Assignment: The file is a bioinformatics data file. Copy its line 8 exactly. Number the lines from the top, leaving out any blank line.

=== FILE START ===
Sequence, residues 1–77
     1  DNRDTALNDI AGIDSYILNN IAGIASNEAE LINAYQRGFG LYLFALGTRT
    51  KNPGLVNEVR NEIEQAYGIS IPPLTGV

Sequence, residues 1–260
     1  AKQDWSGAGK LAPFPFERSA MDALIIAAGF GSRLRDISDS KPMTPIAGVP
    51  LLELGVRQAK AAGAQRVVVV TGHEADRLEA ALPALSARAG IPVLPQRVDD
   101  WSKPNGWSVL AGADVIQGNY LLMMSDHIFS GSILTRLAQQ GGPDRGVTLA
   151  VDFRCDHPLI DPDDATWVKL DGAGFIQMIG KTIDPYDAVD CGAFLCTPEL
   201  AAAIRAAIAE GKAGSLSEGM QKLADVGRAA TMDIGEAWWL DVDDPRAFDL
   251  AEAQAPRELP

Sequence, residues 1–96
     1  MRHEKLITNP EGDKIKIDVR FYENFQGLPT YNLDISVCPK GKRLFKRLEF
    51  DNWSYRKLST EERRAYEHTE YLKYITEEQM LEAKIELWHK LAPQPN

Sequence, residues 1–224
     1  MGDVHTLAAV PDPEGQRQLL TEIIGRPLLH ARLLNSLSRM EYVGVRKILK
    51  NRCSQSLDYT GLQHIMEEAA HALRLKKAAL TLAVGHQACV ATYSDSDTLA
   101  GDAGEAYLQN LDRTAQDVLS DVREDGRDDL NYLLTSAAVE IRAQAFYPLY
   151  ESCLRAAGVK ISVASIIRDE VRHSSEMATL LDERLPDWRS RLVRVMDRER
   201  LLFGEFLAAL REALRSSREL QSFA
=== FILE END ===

   151  VDFRCDHPLI DPDDATWVKL DGAGFIQMIG KTIDPYDAVD CGAFLCTPEL